It's so weak, in fact, that all 20 of Iran's major trading partners are now exempt from them. We've arrived at a kind of voodoo version of sanctions. They look real, insofar as Congress forced them into a bill President Obama had to sign in December. The Administration has spoken incantations about their powers. But if you're a big oil importer in China, India or 18 other major economies, the sanctions are mostly smoke.
This is possible because, thanks to lobbying by the Obama Administration, the sanctions law contained several loopholes you could drive a warhead through. One provided that if a country "significantly reduced" its oil imports from Iran, the State Department could exempt it from sanctions for a renewable period of six months. Naturally, the definition of a significant reduction was left to the Administration's discretion.
As of last week, we know that its definition is trifling: India earned a free pass after merely pledging to cut its Iran imports by 11%, and Japan earned one after cutting 22% of its Iranian business in 2011. Then there's China, the Islamic Republic's biggest customer, which is now exempt after cutting Iran imports by 25% between January and May (measured year-over-year).
The problem is that China's reduction is an apparent fluke, not a dedicated effort to reduce trade or isolate Iran economically. Imports fell by about 50% in February and March because a Chinese oil giant delayed the start of a contract over a price dispute. Once that was resolved, imports shot back up—by 34% between April and May, and again by 35% between May and June.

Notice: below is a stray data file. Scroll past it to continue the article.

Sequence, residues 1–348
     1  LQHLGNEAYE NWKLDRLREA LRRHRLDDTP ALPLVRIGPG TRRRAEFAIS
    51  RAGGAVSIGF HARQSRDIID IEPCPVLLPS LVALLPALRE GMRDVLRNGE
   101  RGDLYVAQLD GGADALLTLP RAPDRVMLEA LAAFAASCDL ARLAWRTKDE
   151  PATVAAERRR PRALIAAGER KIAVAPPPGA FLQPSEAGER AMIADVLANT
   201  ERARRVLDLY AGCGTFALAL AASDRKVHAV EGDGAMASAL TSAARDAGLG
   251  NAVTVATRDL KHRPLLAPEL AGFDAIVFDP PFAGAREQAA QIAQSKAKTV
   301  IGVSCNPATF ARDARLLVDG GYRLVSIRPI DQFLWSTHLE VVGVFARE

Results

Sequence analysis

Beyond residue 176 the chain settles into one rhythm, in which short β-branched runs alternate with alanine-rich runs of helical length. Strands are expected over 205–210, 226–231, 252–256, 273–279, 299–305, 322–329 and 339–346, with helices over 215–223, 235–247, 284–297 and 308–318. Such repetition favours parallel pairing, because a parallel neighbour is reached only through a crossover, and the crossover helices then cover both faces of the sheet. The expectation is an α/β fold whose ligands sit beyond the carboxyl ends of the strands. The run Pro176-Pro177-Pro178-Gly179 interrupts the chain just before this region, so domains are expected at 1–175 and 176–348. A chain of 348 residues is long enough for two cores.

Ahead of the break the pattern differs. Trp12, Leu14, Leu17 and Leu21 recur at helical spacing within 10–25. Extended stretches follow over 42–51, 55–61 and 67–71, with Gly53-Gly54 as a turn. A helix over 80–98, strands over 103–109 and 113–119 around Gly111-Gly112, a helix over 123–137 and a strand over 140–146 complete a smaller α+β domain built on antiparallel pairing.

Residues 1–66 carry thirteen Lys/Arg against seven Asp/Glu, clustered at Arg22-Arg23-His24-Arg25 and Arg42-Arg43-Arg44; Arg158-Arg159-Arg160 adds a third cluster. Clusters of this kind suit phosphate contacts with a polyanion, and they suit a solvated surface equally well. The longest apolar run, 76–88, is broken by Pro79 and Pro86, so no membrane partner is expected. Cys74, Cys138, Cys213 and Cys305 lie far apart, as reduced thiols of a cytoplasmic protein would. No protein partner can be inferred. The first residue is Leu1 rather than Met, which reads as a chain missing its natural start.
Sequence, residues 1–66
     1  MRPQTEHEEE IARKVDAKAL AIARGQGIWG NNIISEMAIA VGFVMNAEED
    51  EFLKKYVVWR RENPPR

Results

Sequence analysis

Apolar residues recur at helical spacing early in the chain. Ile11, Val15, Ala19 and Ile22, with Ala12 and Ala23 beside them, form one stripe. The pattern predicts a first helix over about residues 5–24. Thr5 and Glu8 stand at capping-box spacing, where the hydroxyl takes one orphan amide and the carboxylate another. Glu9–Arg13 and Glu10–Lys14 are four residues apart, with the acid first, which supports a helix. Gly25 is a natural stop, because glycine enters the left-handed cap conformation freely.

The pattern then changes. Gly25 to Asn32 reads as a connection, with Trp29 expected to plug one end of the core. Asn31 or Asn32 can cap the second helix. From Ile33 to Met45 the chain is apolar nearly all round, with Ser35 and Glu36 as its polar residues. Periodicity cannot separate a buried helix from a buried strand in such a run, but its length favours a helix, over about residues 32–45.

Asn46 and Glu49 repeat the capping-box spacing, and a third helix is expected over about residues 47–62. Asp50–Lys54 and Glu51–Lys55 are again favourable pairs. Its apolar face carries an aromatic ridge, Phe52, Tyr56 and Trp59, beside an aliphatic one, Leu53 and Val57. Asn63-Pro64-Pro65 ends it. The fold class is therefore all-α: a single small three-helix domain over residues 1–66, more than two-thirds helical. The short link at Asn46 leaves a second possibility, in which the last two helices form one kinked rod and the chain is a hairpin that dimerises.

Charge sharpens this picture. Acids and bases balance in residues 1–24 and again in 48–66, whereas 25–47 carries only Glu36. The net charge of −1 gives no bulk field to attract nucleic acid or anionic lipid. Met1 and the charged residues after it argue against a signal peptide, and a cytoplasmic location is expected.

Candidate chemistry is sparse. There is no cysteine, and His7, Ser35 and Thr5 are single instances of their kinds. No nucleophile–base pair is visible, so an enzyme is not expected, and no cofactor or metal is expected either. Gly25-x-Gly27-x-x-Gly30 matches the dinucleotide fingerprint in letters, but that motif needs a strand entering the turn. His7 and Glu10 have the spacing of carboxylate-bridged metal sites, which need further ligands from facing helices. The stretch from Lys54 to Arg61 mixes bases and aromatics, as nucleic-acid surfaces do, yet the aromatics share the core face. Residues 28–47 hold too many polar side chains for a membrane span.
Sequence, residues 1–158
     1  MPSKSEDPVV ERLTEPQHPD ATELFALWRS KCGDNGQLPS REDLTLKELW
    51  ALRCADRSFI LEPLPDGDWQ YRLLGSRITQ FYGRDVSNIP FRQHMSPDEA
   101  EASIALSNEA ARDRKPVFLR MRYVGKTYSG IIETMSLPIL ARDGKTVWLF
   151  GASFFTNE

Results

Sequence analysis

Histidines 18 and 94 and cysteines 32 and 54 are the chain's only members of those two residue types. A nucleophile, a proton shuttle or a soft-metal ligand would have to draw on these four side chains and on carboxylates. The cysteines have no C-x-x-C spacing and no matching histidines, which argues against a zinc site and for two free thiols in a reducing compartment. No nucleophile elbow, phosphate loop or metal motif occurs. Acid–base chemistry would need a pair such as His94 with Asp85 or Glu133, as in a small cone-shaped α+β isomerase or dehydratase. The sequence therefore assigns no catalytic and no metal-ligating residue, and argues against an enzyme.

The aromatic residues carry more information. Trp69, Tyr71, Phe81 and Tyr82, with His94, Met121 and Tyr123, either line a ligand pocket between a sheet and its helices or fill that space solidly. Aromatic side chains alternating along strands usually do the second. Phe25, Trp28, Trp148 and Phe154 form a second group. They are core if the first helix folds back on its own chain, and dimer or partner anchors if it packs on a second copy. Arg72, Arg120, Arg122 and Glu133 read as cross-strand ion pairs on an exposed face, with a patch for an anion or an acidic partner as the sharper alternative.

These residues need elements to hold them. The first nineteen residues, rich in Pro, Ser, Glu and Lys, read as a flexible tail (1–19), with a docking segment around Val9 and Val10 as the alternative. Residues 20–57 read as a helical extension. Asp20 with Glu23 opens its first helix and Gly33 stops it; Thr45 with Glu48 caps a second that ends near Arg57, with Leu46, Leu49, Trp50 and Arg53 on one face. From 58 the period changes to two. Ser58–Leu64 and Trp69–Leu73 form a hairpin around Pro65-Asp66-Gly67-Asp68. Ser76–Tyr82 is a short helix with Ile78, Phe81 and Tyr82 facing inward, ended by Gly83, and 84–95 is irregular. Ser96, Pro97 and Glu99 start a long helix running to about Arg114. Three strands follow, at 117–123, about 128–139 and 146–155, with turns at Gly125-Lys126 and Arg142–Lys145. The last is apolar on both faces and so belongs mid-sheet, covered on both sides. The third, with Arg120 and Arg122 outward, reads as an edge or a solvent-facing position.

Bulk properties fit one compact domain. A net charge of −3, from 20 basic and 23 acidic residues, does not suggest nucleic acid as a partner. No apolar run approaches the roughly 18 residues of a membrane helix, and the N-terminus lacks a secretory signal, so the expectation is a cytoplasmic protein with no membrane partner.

All this "is completely legitimate and justified," said a Chinese Foreign Ministry spokesman, and "does not violate any U.N. Security Council resolutions or undermine the interests of a third party or the international community." So much for the Obama Administration's assertion last week that China-Iran trade shows "the success of our sanctions policy," as Beijing "supports our dual-track approach of diplomacy and pressure."
This fantastic claim follows years of Chinese troublemaking—via open opposition to U.S. and European Union sanctions, sales of sensitive nuclear-related technologies and materiel, currency schemes to avoid banking restrictions and more.
To be sure, Iran is feeling some pressure these days.... Iran is suffering real economic pain.
But enough pain to stop the 30-year nuclear drive of a revolutionary regime built around a messianic cult of martyrdom? A regime with foreign currency reserves between $60 billion and $100 billion, and which would net more than $40 billion in oil revenue even with a 40% drop in sales?
We've never considered sanctions likely to persuade Iran to drop its nuclear program, but it's dangerous to pursue them half-heartedly while claiming progress and keeping the international temperature down as Iran's centrifuges spin. That's been the Obama Administration's consistent approach, and it'll probably continue at least through Election Day in November. It's a good way to comfort adversaries in Tehran and Beijing while undermining friends in Jerusalem and beyond.